'There are few times in life when you approach something so amazing that it literally takes your breath away. I mean the kind of things you’ve seen online and in books and even on TV, but that you never imagined you’d see up close. Lisa and I dedicated our last day in Mexico to such an encounter...

... Tourists used to be able to climb the steps of El Castillo, but it is now prohibited. Looking up from that view, I was perfectly fine with keeping my feet on the ground.'
Chichen Itza, July 18th, 2010, at Transient Travels, by Susan

For those who, despite all of this, still wish to experience that climb, then Cobá, alongside the smaller sites of Dzibilchaltún, Ek' Balam, El Meco, El Rey, Itzamal and Uxmal, are waiting for you. However, please do hurry. There's no telling how long those pyramids will remain accessible for the climb. The only certainty is that they too will eventually be forced to rope off their structures, in order to maintain the safety of their visitors.


Chichén Itzá
Chichén Itzá
Various tours, to suit every wallet or time-frame, to the most famous of all the Maya ruins.






Tulum & Xel-Ha All Inclusive
Tulum & Xel-Ha All Inclusive
Combine Maya history with natural beauty! Tour the Tulúm ruins, then swim in the Xel Ha natural aquarium.

28 comments:

  1. Thanks so much for the shout out :) Great post!

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  2. Good thing I got the opportunity to climb chichen itza and the observatorio, in the late 90s.

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  3. Susan - You're very welcome. I thoroughly enjoyed reading your blog.

    Anonymous - Yes, it is. :D Though the climb up Nohoch Mul, at Cobá, is worth it too, if you wanted a repeat performance.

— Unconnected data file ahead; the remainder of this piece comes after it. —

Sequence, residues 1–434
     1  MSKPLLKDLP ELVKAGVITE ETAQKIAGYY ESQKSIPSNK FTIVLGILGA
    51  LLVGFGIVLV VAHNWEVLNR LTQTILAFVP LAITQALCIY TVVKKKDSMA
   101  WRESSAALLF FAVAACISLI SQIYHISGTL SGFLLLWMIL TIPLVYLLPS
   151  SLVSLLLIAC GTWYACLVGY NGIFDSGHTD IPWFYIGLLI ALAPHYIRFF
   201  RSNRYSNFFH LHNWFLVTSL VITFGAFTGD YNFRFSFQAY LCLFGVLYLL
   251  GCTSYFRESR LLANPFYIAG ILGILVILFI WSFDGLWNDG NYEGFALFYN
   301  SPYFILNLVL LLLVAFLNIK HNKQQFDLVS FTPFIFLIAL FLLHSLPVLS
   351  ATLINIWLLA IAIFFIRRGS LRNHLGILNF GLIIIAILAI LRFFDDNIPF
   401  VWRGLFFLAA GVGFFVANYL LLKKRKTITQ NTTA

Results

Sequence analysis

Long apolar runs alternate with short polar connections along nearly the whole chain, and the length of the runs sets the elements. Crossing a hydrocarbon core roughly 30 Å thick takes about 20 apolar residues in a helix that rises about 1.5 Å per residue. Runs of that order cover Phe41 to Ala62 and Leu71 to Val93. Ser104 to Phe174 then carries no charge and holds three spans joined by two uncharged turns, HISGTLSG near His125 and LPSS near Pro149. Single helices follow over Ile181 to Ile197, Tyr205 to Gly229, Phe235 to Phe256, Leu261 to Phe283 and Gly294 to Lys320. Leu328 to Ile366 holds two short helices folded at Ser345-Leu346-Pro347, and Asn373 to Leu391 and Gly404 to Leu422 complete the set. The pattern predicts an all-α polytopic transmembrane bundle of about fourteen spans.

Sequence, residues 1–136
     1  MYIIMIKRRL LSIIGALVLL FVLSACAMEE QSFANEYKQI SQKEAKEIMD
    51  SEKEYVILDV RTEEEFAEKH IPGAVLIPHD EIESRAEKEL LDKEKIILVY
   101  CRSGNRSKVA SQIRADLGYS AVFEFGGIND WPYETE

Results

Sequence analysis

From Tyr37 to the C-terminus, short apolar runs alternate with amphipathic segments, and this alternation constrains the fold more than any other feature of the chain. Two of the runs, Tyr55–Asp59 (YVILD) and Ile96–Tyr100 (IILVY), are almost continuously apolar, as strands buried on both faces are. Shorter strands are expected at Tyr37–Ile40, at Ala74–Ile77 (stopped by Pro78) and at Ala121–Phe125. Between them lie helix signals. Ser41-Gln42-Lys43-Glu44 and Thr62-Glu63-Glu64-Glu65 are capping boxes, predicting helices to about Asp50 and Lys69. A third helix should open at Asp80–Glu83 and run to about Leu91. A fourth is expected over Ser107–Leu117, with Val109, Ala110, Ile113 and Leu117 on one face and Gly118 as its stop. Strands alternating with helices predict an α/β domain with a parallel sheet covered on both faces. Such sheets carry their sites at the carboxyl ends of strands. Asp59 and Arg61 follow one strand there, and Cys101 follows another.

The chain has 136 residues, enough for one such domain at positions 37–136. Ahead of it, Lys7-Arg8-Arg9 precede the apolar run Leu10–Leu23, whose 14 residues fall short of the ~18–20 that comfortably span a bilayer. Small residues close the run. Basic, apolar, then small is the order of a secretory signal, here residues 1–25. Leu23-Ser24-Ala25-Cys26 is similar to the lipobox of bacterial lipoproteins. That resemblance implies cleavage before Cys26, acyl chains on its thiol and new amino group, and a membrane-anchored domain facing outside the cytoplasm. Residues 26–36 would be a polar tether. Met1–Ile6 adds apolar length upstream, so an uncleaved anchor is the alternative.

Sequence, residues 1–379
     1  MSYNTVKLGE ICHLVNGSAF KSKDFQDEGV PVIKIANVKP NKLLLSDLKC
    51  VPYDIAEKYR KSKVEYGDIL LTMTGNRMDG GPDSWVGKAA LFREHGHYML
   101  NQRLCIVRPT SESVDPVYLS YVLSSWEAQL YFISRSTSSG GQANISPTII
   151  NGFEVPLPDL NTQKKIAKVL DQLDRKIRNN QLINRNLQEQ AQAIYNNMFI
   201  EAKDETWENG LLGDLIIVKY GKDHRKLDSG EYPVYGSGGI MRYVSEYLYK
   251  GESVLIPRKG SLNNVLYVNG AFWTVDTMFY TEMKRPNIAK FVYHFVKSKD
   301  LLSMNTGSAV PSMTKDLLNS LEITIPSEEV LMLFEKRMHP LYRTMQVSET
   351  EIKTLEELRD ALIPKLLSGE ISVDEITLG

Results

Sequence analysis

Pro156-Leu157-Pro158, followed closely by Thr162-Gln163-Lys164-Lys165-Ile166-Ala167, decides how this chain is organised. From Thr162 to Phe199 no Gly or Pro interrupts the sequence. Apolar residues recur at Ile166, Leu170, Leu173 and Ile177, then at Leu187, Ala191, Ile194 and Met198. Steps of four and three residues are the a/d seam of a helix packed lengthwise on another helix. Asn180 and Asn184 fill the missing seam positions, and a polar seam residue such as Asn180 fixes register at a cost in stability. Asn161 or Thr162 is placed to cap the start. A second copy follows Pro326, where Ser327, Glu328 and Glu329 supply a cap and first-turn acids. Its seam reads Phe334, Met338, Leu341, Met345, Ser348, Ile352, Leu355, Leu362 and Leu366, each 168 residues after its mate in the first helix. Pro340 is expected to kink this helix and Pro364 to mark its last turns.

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  4. Wow, thats a very sad story to hear about the elder lady. I have always wanted to climb the pyramids, but if it preserves them for future generations, then I understand. At least no other people are going to get hurt.

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  5. the old bat shouldnt have gotten her self on the dang building in the first place. she is 80 and wants to climb up steep steps....yea, moron derserved death

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    Replies
    1. Stupid bat ruined it for everyone else. Selfish bitch.

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    2. Yes. I'm sure she fell off and died on purpose to stop you from getting up there prat. I visited Chichen just the other day. Awesome sight and whilst I did climb Coba, it is good just to admire them from below and know they will be here for much longer than us (especially without trampling, graffiti etc.)

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    3. Who ever wrote this is the moron. Can't believe someone would say that another person deserves death.

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  6. Cancun Carol - Your view is pretty much the same as mine. It is incredibly sad to hear about Mrs Black. I only hope that I'm as fiesty and full of life, when I reach her age.

    Anonymous - I really do not share your view. Mrs Black was a healthy woman, who spent her time canyoneering. There was no reason to suppose that this climb was beyond her capabilities.

    There is a view that this was an accident waiting to happening, as those steps became more eroded. Unfortunately for Mrs Black, and her family, it happened to her. But the authorities responsible for the site have made sure that it will never happen to anyone else.

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  7. Age means nothing as far as climbing as long as you are fit. There have been some cases of young Experienced Climbers falling to their death. I am from Alberta Kananaskis Country. Mountaineering is a way of life for some. Remember, The Mayans built these stairways so peoples heads and body's bounced of of them on their decend downward.